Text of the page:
‘Dear Evan Hansen’ Movie Review: Ben Platt’s High School Musical

There will be critics who’ve seen Dear Evan Hansen on stage, perhaps even with Ben Platt live, who can compare the movie. This review represents a first-time viewing of the story, and it works as a film. Dear Evan Hansen is devastatingly emotional. It would be as a drama, but the rousing music touches your heart and makes you move your feet.

Dear Evan Hansen: Connor Murphy signs Evan's cast
L-R: Colton Ryan and Ben Platt | Erika Doss/Universal Pictures

Evan Hansen (Platt) is a high school senior struggling with social anxiety disorder. He writes letters to himself as an exercise from his therapist. One day, Connor Murphy (Colton Ryan) grabs Evan’s letter from the school printer. When Connor dies by suicide, his parents (Amy Adams and Danny Pino) find the “Dear Evan Hansen” letter and assume it’s Connor’s suicide note to his friend. 

Evan starts to tell them, but he lets the grieving mother believe her son had at least one friend. It’s a well-meaning ruse that will inevitably be found out and hurt more. That makes it good drama. Since Evan wrote about his crush on Connor’s sister Zoe (Kaitlyn Dever), the misunderstanding becomes Zoe’s lament that her brother wouldn’t talk to her. 

Dear Evan Hansen: The Murphy family welcomes Evan
L-R: Danny Pino, Amy Adams, and Kaitlyn Dever | Universal Pictures

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It’s also a common teen movie trope, the lie that allows the protagonist to open up, but ultimately they have to own up to it. Dear Evan Hansen is a much more serious subject matter than Can’t Buy Me Love, She’s All That, or Mean Girls. This is such a big one it may seem unforgivable, but the resolution works. Not all is forgiven, but Evan does the work, and it’s a step forward without ignoring the history of what he’s done.

Platt was closer to 18 when he performed Dear Evan Hansen on stage, but he’s not distracting in the film, despite social media dunking on the trailer. Lighting, makeup, and wardrobe make him look younger, and it’s less egregious than many classic teen movies starring older 20-somethings. Plus, Platt is not the only 20-something “teen” in the cast.

Dear Evan Hansen: Julianne Moore comforts Ben Platt
Ben Platt and Julianne Moore | Erika Doss/Universal Pictures

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The very nature of characters breaking into song allows musicals to operate in a different reality than most movies. Dear Evan Hansen takes that further, allowing Connor to sing e-mails that Evan fabricates. A theater actor would reappear on stage, so why not? Cinema isn’t reality either, yet many movies feel the need to adhere to real-world logic.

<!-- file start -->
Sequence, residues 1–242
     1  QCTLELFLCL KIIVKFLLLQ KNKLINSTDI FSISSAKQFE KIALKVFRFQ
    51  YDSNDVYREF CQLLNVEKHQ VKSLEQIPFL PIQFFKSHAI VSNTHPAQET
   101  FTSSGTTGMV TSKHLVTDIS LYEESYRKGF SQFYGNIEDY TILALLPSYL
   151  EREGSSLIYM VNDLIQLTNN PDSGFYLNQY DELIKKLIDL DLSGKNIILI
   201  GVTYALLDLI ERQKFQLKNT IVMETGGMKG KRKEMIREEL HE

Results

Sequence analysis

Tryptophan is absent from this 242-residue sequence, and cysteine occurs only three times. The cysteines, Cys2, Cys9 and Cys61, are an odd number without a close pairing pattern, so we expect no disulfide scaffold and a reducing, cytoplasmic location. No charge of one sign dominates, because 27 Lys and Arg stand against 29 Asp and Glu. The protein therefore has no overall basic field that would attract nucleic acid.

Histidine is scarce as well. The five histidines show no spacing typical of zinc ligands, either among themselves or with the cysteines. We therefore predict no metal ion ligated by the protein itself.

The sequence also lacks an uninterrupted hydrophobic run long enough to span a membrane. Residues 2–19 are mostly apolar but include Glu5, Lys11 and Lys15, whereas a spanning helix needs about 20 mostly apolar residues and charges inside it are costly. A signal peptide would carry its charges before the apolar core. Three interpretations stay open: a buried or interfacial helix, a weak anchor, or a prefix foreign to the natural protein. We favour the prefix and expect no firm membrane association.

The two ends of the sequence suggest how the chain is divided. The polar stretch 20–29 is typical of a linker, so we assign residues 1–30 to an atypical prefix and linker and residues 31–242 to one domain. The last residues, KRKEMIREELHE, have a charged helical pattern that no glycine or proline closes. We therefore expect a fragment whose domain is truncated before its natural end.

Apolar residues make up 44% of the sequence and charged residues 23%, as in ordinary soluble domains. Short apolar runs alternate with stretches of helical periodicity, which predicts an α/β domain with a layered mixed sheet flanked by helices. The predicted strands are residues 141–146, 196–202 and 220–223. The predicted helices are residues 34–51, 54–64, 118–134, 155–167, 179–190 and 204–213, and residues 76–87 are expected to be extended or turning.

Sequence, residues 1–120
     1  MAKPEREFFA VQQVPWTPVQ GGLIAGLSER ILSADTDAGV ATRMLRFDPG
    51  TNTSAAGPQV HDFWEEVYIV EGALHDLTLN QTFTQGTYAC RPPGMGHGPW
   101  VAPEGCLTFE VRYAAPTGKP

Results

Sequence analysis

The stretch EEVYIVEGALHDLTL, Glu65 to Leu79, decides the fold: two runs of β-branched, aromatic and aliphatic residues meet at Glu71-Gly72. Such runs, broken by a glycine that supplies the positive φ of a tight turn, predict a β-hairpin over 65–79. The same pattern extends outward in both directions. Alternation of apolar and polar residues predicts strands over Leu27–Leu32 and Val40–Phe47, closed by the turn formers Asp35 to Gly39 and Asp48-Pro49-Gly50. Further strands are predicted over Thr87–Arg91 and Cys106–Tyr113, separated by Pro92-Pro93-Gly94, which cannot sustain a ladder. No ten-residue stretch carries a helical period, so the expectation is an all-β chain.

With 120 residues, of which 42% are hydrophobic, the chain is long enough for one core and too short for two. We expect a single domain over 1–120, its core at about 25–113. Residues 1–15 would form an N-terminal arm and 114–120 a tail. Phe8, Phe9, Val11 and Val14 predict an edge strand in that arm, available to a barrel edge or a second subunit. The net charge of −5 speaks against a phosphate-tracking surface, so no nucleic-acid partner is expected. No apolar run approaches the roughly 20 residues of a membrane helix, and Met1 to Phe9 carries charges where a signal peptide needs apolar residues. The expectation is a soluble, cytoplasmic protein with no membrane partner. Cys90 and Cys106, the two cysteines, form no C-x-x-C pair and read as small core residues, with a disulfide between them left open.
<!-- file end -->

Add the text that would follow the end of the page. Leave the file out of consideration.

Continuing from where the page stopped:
Director Stephen Chbosky and choreographer Jamaica Craft stage long takes through high school halls and the library that cover more ground than a stage. Yet, they can also have intimate numbers in a kitchen or on a swing set. The performers can get quieter than they can sing on stage too.

Dear Evan Hansen does not shy away from Evan or Connor’s mental health issues. Evan also meets Alana (Amandla Stenberg), who organizes a charity in Connor’s name. Alana and Evan talking about their medications in a mainstream movie is huge. Chbosky also shows Evan’s prescriptions in quick cuts during his introduction.

Ben Platt and Amandla Stenberg sit at a library table
Ben Platt and Amandla Stenberg | Erica Doss/Universal Pictures

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There are specific issues that will make people feel seen. There are also universal issues any parent or child goes through. Parents can never do as much as they’d like to for their children, and kids will always feel alone because that’s just the nature of experiencing life for the first time. Dear Evan Hansen will give you all the feels.

Dear Evan Hansen is for anyone who has kids and anyone who’s been a kid. Then there are unique challenges of addressing different mental health needs. It would be emotional anyway but expressing it in song gives you that extra cathartic kick to let it out with the stars of the movie. Dear Evan Hansen is in theaters on Sept. 24.

How to get help: In the U.S., call the National Suicide Prevention Lifeline at 1-800-273-8255. Or text HOME to 741-741 to speak with a trained crisis counselor at the free Crisis Text Line.